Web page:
As marketers, you’re well aware of the value of creating, publishing and sharing content that increases awareness of your brand.
Are your teams struggling to come up with fresh ideas that hit the mark, time after time? Do you pride yourselves on a quick turnaround from concept to campaign delivery or does the creation of new content seem to drag on for ages, through endless meetings and numerous rounds of feedback?
Here are 6 simple steps you can take to build a more efficient process for creating content and some tips for using Creative Cloud for teams to help you.
Evaluate the process you have now.
Whichever way you look at it: if you create content, you do have a content creation process. It’s just a question of whether that process is written down or not and whether it was put together as the result of a conscious decision or a happy accident.
To discover what your process is (or to check whether it’s being followed) take a couple of recent pieces of content and write down the people and steps it passed through on its way to being published. This should give you a decent starting point.
Of course, if the results are wildly different for each piece of content, it’s possible that you may have more than one process.
Identify bottlenecks and unnecessary steps.
There’s no right or wrong content process: it depends on the needs of your organisation. But as you analyse your process, you may discover that some steps are happening at the wrong time, don’t need to happen at all or are slowing up everything else.
Maybe things are taking a long time to get through design or perhaps some steps are being repeated unnecessarily. For example, do you really need to proofread drafts as soon as they are written, if you do it again before publishing? Or you may even discover that you’re a bottleneck yourself and you need to change who’s responsible for giving feedback.
Reduce the number of people giving feedback.
Feedback invariably takes a long time and it can complicate content creation or even derail it completely. Everyone in your organisation is busy doing their own work and if they are asked to give feedback on content creation on top of this, it’s all too easy for the feedback to become the lowest priority or drop off the to-do list altogether.
It’s a good idea to have as few people as possible giving their opinions or being involved in sign off. You could also try to get pre-approval on proposed content. Put together a mood board of similar images or circulate a title and synopsis for your article to give everyone a clear idea of what you’re planning, to get their buy-in before you start creating.
Get structured feedback, not staggered feedback.
A common pitfall is having multiple rounds of feedback and approval, with each stakeholder passing the content on to a different department up the chain to someone more senior. While this is unavoidable in some organisations, it tends to lead to multiple rounds of changes and risks content being taken in different directions by different people.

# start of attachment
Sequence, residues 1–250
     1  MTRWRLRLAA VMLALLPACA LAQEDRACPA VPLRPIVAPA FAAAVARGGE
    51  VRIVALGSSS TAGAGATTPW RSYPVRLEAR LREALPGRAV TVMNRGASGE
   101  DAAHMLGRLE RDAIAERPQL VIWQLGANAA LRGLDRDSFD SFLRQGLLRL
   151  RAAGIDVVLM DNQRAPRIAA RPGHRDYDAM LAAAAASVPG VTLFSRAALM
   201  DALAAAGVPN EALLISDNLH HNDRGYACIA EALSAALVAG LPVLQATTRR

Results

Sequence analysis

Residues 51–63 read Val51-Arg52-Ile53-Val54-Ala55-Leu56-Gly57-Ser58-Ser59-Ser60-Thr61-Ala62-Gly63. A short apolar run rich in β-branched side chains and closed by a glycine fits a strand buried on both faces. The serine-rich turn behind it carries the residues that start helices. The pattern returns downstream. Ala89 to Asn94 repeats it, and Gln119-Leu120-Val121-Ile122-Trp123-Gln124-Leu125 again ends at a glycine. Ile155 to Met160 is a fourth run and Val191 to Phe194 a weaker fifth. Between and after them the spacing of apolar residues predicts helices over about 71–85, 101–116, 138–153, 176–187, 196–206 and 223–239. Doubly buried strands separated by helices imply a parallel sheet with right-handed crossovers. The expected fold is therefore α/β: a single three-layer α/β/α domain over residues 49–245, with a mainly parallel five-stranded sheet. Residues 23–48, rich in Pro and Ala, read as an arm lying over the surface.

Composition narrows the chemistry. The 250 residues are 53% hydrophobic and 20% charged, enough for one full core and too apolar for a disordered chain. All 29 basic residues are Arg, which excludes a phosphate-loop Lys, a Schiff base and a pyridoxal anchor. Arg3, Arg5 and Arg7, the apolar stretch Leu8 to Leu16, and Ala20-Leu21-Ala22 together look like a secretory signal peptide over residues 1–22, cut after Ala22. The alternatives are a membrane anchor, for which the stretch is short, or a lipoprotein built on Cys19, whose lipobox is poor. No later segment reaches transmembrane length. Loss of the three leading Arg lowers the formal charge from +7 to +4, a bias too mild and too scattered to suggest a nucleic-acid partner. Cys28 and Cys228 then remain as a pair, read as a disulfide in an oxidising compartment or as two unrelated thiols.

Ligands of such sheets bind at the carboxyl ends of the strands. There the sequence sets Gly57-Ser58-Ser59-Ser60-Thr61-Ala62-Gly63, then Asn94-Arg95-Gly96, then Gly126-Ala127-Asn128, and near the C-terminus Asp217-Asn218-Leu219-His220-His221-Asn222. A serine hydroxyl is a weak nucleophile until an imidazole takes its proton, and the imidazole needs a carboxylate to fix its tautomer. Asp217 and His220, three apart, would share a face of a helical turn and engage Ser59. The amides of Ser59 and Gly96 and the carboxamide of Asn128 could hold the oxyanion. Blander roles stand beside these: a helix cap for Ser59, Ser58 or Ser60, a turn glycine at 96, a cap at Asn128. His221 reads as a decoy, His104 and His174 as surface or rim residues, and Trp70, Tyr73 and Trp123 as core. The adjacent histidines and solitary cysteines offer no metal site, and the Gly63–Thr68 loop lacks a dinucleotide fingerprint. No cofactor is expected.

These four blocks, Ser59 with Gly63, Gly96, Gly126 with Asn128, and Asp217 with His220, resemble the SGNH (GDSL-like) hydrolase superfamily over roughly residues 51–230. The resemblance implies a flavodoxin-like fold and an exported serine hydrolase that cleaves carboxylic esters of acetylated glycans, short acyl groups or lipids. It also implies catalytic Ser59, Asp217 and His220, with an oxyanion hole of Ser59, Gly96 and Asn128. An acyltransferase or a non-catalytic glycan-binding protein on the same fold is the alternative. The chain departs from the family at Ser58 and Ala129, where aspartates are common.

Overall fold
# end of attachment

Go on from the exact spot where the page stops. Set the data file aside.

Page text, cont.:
Where possible, gather all feedback on an early draught draft at the same time. If everyone provides their feedback on a shared PDF, you can collate the comments and spot any conflicts easily.
Are all your reviewers reviewing everything with no focus? Try asking for structured feedback. Be clear about what input you are looking for from each stakeholder. For example, ask the Product Manager to fact check the product details and get the sales team to confirm if the content will resonate with their customers.
Stay in control of feedback with PDFs.
Nobody really enjoys collecting and consolidating feedback. Fortunately, Adobe Acrobat streamlines the entire process with easy-to-use commenting and annotation tools. It also provides you with one place to manage it all – with no need for multiple email attachments or file versions.
Add your comments – mark up your feedback on your PDFs using sticky notes, highlighters, shapes and more.
Send files for review – collect and consolidate comments from multiple reviewers in a single shared online PDF on desktop, online or mobile.
Quick and simple participation – reviewers can easily comment from any device, using the Acrobat Reader mobile app or from their browser.
Keep tabs on your project – get real-time notifications when reviewers open files or add comments. Send reminders, answer questions, update deadlines or close workflows.
Kick-start creation with stock imagery and templates.
So your content creation process is in place, streamlined and honed to perfection. All you need to do now is come up with some ideas for content. Relax – you don’t ever need to worry about starting with a blank page again.
Stock imagery and stock footage can be a great way to spark creative ideas and getting campaign and video development off to a flying start. And with Adobe Stock you can streamline your creative process thanks to a huge range of templates for things like brochures, animations and social media assets.
Start a new project in Photoshop, Illustrator or InDesign with ‘File > New’ and search from a variety of high-quality templates created by professional designers. Previews are shown for each template so you can always pick the right one.
By reviewing your current process for content creation and implementing some or all of the steps suggested above, you’ll be setting your team up for success when it comes to delivering impactful social content, quickly, efficiently and consistently.